System of Government in MyanmarMyanmar's system of government
Myanmar: Not so quick - Policy in Myanmar
Since Myanmar's army-dominated regime began its policy reform in 2011, the issue of whether the country's most prominent figure can run for presidential office next year has been overlooked throughout the entire trial. One of the world's most celebrated womens, Aung San Suu Kyi is a Nobel Prize winner and chairwoman of the country's largest opponent National League for Democracy (NLD).
However, none of this will help if Myanmar's constitutional system keeps preventing Ms Suu Kyi from running for the presidency. The amendment of the Constitutional Treaty to make this possible has become the most important test for the country's newcomers. However, judging by recent incidents, it will be more difficult to change the EU budget than many had anticipated.
The cause of the issue is term 59(f). In 2008, the then army june incorporated them into the new state in order to curb the efforts of its most dreaded enemy and then languish under home detention. It prohibits anyone whose spouses or offspring are non-nationals.
Without the sinful provision, the newly appointed NLD legislator would make Miss Suu Kyi president. There are innumerable other flaws in the army's condition. There is, for example, no room for adequate policy adaptation to local minorities such as the Karen and Kachin, who have been struggling for centuries against Burma-dominated federalism.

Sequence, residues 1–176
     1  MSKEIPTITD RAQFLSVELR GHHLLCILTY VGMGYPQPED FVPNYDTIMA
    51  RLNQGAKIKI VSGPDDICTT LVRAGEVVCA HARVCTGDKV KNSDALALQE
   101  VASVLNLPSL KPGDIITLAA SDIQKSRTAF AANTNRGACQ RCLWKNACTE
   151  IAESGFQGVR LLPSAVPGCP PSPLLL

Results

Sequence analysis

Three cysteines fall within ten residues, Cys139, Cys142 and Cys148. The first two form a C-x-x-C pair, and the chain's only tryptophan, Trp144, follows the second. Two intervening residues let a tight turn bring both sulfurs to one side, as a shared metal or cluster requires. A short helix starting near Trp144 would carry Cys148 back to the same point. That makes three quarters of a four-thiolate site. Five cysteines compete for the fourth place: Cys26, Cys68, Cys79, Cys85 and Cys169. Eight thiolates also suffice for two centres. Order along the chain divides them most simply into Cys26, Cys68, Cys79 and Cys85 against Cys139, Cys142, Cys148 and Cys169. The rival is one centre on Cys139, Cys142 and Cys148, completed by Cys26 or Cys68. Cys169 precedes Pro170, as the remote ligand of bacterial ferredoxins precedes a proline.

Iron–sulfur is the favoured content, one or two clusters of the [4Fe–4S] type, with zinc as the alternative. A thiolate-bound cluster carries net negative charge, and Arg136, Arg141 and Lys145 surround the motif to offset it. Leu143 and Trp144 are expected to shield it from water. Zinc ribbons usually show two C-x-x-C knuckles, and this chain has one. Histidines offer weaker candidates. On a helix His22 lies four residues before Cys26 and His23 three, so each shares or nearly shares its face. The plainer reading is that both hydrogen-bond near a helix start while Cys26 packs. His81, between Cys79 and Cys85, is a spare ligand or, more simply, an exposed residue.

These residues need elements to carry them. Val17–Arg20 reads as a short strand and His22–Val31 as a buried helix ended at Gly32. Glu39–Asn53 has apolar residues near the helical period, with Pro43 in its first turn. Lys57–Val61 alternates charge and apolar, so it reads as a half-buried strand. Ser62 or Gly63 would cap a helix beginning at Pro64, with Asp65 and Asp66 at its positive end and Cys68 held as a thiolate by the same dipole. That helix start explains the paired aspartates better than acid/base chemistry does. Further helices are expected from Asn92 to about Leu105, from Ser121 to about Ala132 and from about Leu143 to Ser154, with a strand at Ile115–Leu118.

Nearly everyone, from the governing deputy of the Armed Forces, the Union Solidarity and Development Partys ( "USDP"), to the NLD, has to do with one or the other part of the state. So far, it had been generally believed that even the hard-boiled members of the USDP, if they got enough in exchange, would agree to the need to amend 59(f), if only to underline that the Myanmar reforms are being made.
However, on 31 January, after month-long deliberations, the 109-strong parliamentarian commission responsible for collecting comments on the amendment of the Basic Law published a statement claiming that most Burmese were against it. Overall, the USDP-dominated commission alleged to have collected 28,000 deeds, almost all of which point to a revision of the US federal charter.
A full 100,000 undersigned refused to amend either Article 59(f) or rules guaranteeing the military 25% of parliamentary seat. On the other hand, only 592 countries have apparently voted to delete the provision. A congressman, Zaw Myint Maung, said the alleged results were just an organized petition among USDP members in Yangon, which was completely untypical of popular sentiment.
The USDP's base will not turn a blind eye and take Suu Kyi's chair. Parliament's own Rapporteur was merely asked to give its opinion. We have now set up a new panel to deal with the thousand of amendments.
If, and when, specific suggestions arise, there is still the 75% majoritarian hurdle that is necessary for a constitutionification. Currently, 80% of the parliament houses are occupied by the Armed Forces or the USDP.